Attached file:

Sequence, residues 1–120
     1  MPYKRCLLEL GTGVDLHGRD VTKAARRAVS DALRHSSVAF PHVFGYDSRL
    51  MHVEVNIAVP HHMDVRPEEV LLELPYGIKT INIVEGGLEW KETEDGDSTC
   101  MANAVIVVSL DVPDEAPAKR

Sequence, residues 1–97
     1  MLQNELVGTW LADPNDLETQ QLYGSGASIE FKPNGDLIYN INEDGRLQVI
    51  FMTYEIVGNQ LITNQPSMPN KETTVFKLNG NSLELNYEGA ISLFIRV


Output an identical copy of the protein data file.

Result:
Sequence, residues 1–120
     1  MPYKRCLLEL GTGVDLHGRD VTKAARRAVS DALRHSSVAF PHVFGYDSRL
    51  MHVEVNIAVP HHMDVRPEEV LLELPYGIKT INIVEGGLEW KETEDGDSTC
   101  MANAVIVVSL DVPDEAPAKR

Sequence, residues 1–97
     1  MLQNELVGTW LADPNDLETQ QLYGSGASIE FKPNGDLIYN INEDGRLQVI
    51  FMTYEIVGNQ LITNQPSMPN KETTVFKLNG NSLELNYEGA ISLFIRV